MPIRG survey tests instant runoff voting

Amy Horst

Presidential candidate Sen. John Kerry, D-Mass., swept the presidential preference survey conducted by the Minnesota Public Interest Research Group at the University Tuesday, boasting 58.51 percent of the vote.

Approximately 376 students voted in the survey, which used instant runoff voting methods. Of those 376 votes, Kerry garnered 220, followed by President George W. Bush with 67 votes at 17.81 percent.

With 61 votes, independent candidate Ralph Nader received nearly as many as Bush. The Green Party received 14 votes and Libertarian Party candidate Gary Nolan garnered 11. There were three write-in votes.

MPIRG did not take a position or endorse any of the candidates in the election, MPIRG member and University junior Shaun Laden said. Rather, the group wanted to use the election as an education tool to help familiarize voters with instant runoff voting, he said.

MPIRG received 2,956 undergraduate signatures to put an instant runoff voting referendum on this year’s all-campus University election ballot. If the referendum passes, students will use instant runoff voting in all-campus elections in 2005.

In instant runoff voting, voters rank candidates by preference. If no candidate receives the majority, officials remove the candidate with the least support and repeat the process until a candidate has the majority.

MPIRG members brought ballots to the state MPIRG office in Dinkytown, where they invited all of the campus parties who endorsed candidates to help count the ballots. Laden said none of the groups MPIRG contacted responded to their e-mail invitations to participate in the count.

Instant runoff voting deserves further investigation, said Nan Skelton, co-director of the Center for Democracy and Citizenship at the Humphrey Institute of Public Affairs.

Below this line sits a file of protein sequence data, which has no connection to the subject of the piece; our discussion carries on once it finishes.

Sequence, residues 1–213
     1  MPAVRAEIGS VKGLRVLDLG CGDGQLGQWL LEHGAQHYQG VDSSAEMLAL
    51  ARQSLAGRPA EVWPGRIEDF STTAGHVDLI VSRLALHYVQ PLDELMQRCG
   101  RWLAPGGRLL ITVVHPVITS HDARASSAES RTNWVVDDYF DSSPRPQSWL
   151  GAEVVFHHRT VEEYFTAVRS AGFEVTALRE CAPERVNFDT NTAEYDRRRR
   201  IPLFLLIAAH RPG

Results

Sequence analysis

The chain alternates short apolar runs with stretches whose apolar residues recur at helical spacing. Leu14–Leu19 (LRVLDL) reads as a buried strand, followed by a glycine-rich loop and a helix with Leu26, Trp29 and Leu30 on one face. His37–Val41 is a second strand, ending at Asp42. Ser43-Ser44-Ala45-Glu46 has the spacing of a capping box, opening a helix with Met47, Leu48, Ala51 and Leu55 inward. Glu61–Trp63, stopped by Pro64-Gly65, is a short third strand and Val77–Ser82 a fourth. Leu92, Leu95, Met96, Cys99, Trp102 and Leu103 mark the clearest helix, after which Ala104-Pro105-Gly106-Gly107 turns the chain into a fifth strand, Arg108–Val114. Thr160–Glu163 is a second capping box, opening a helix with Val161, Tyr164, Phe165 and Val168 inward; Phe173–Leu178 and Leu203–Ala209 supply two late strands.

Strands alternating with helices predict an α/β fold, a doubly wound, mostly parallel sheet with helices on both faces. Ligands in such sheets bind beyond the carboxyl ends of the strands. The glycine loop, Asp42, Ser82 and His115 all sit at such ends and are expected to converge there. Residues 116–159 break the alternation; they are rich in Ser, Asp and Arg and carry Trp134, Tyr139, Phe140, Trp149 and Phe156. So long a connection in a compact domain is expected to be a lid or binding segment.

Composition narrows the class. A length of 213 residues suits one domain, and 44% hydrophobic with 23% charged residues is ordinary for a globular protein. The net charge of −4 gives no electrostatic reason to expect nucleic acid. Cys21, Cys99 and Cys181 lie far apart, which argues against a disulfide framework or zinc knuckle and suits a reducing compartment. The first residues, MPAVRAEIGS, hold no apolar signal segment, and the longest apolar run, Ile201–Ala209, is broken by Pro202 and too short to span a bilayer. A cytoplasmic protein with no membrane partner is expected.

“I haven’t researched it in depth, but from what people talked about in the 2000 elections and the conversations from the last several months, I think it’s really worth looking at and considering,” she said.

“I think it’s a good idea, because there’s all this talk about how if you vote Green you’ll let George W. Bush win,” sophomore Sarah Wiljamaa said. “A lot of people are held back from voting for who they want,” with the current system.

The election’s turnout was good, said Katie Tharp, the University MPIRG treasurer. By 2 p.m., three hours before polls closed, the Willey Hall ballot box was nearly full.

Students voted by entering their names and student identification numbers into laptop computers that made sure no one could vote twice.

Junior Liz Borer said she favors instant runoff voting for all elections.

“You can vote with your heart,” she said.

But not everyone was as enthusiastic about the elections.

Tyler Richter, College Republicans chairman, called them a “high school political science experiment.”

“(Instant runoff voting) is definitely not the way to go,” said Richter. “If you look at nations and governments that do use it, I think they are arguably less effective.”

Dan Nelson, Campus Republicans chairman, said instant runoff voting allows an indecisive voter to refrain from choosing one candidate.

“They’re using Student Services Fees to waste everyone’s time,” he said of MPIRG. “I guess that’s what MPIRG does.”